■ This boss, 27, started booking tutors for pals at 17. Here, he gives a lesson in how to make your business first class
How did you start?
WHILE at school I sold anything and everything from sweets to T-shirts. I moved to a private school for sixth form but I’m dyslexic and struggled. My parents paid for home tutors but I couldn’t engage with them as they seemed so ancient. I noticed that lots of my classmates were having home tutors so I offered to find them ones they liked and the business grew from there. My first move was to buy a clamshell mobile to look more businesslike. If anyone wanted a private tutor for a subject I’d go to a London university, stand in the foyer and stop students, asking them, ‘What do you study and do you know any postgraduates?’ Then I’d invite them to an interview.
How does a 17-year-old market the business?
With guerrilla tactics. We had 10,000 pens printed and I would stand outside schools handing them out until the teachers shooed me away. I’d move six steps away and carry on. We had posters printed for community halls, flyers to stick on lampposts and chalk for pavements. I remember one person going mad because he thought we’d graffitied outside his restaurant. One day I saw a bicycle in a skip so I took it to a friend and we attached a strip of metal with our company details and painted the whole thing orange, including the tyres and handlebars. I parked it around private schools in central London and started to get loads of business.
Did you get strange looks?
They never bothered me. Because my bright orange bike was such a success, a year later my business partner Luke and I spent £1,000 on a second-hand G-Wiz car, which we had wrapped with the company name. We parked it in Mayfair outside law firms and estate agents. The only problem was getting to meetings. Luke is 6ft 3in tall so come rain, snow or hail we’d only fit in this tiny electric car with the sunroof open, getting soaked.
How did you get started properly?
For the first five years we interviewed tutors in our office, otherwise known as Costa Coffee, upgrading to Pret and then Paul. We saw about 30 tutors a week and would interview them back to back, giving them half-hour slots. The coffee tables were full of prospective tutors — in fact, often the entire café was filled with applicants. The best thing I ever did was start young and live at home with my parents because I didn’t have to worry about bills or rent. In the first year we made about £8,000 profit, which as a schoolboy is a nice figure, and there was no capital expenditure.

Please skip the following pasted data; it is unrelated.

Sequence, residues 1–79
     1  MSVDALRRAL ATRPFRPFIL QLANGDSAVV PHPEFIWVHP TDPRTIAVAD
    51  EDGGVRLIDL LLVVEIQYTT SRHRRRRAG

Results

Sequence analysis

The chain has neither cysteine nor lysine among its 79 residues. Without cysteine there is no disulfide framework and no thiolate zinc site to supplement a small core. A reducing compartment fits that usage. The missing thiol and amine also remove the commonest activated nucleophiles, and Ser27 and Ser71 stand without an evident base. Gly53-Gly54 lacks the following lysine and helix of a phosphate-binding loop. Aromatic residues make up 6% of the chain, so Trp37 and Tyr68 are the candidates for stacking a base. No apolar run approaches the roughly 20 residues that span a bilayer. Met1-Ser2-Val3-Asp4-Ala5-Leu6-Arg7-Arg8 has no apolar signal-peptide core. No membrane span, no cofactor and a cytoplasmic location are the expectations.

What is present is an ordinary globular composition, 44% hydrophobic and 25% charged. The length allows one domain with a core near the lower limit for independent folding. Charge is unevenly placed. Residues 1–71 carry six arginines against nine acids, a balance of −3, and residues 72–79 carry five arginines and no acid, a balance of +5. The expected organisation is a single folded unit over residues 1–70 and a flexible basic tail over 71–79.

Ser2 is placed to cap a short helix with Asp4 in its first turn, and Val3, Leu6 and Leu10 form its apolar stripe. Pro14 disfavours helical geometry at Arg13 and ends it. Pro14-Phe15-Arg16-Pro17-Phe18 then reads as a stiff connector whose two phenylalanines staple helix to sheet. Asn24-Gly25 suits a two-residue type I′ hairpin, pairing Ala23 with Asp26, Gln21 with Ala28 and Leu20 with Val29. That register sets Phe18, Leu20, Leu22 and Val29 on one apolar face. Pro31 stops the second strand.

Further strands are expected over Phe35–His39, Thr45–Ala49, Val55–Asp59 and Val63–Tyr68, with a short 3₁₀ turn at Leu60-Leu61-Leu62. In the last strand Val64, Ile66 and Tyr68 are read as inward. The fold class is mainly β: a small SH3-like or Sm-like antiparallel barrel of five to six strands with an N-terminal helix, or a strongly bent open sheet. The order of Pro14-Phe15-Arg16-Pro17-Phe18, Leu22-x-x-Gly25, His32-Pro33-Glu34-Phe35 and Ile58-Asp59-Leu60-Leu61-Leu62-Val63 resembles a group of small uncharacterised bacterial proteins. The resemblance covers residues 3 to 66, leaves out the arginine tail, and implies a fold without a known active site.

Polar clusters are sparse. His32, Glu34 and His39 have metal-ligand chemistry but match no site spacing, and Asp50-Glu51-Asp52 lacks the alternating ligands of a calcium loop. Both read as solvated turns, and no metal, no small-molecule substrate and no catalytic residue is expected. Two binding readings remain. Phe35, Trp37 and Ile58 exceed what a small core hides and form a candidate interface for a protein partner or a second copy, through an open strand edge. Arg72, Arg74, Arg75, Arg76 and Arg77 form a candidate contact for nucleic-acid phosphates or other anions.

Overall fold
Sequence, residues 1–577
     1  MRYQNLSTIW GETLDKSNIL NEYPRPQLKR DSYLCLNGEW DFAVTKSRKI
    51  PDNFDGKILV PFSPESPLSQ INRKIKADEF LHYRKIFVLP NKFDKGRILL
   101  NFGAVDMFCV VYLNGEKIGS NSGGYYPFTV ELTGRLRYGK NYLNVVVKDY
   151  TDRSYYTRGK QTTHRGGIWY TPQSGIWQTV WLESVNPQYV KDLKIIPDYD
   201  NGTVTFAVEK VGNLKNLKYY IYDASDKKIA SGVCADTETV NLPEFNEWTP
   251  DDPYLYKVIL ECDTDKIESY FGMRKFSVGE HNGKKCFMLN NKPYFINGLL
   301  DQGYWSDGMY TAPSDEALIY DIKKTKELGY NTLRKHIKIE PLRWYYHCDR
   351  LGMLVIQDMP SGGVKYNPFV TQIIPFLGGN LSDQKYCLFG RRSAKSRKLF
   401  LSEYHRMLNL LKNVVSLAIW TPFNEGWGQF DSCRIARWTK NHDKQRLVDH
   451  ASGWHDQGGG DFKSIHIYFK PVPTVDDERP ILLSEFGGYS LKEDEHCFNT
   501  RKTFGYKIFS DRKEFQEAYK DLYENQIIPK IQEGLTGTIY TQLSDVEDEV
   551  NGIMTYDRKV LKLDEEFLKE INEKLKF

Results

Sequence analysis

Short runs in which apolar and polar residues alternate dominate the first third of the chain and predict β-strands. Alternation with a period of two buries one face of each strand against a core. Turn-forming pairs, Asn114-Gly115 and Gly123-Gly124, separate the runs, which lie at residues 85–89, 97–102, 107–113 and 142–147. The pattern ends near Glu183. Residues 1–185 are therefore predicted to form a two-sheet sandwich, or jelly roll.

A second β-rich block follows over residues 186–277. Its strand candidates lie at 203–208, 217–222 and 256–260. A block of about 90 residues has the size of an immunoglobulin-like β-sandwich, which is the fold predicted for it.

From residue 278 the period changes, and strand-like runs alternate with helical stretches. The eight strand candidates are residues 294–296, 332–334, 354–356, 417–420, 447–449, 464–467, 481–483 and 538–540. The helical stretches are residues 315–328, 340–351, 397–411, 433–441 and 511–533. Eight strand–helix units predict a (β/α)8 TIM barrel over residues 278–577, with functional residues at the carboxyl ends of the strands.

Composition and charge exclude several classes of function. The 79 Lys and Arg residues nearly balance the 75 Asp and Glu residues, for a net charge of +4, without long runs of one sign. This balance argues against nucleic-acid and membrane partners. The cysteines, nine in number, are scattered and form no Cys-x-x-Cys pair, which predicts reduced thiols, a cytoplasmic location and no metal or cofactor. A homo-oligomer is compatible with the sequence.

The tutors — we’re talking schoolchildren, right?
Actually, no. Everyone’s a student for life now and we’re getting calls from people in their early thirties asking for help. In fact, we’ve been helping people in their fifties with Excel, paid for by their companies. Jobs are changing quickly. Back in the day you’d learn at school, uni and then get a job. Now people are having to be retrained for so many different things.
What’s the strangest subject you’ve ever been asked to arrange a tutor for?
Tuition for playing the computer game Fifa. Someone had a competition coming up and they wanted to brush up their gaming skills. It proved incredibly easy because we have a pool of about 1,000 graduates and postgraduates, and it seems many of them spent all their time at uni playing Fifa! When we started ten years ago many existing tutoring agencies would only supply tutors for GCSE and A level. But when we started we introduced guidance on thing like biochemical engineering, how to pass Oxbridge entrance tests and writing a degree dissertation. Now we have tutors flying to European cities for just a day’s interaction with a student. Every potential tutor has to conduct a trial lesson with us before we take them on and if they enthuse us when we’re in a busy office with loads of distractions we know they’ll be fine with a student.
What advice would you give a teenager who wants to start a business?
Try everything — you’ve got energy and time. Teenagers may lack life experience but 17-year-olds have distinct advantages — they understand Snapchat and Instagram, they know what young people want and they are quick to master online marketing.
Mistakes, you’ve made a few?
Yes, quite a few small ones in those early years, but also a massive one. When we first got a client in Hong Kong we realised there are a lot of international students who want to study in the UK so we found publications over there and spent thousands of pounds on inserts — and got nothing back. But the big mistake that nearly cost us the business came five years in as we were really taking off. I had no experience of online marketing, having pages ranked for certain subjects, and we wanted to be ranked higher, so we hired a company to do that for us — search engine optimisation and e-marketing. Unfortunately, in order to inflate early results they used techniques that led to our websites being penalised by the big search engines. We went from being highly ranked to losing almost all our traffic overnight. It took two years to recover.
£40 to £250 an hour, depending on experience.
Tutors need to work evenings and weekends for school pupils during term time and often fill in daytime hours with corporate clients.
Short and sweet advice
If you don’t understand it, don’t do it.
Don’t worry too much about waiting for the exact perfect opportunity because perfect timing rarely happens.
■ For more information visit tavistocktutors.com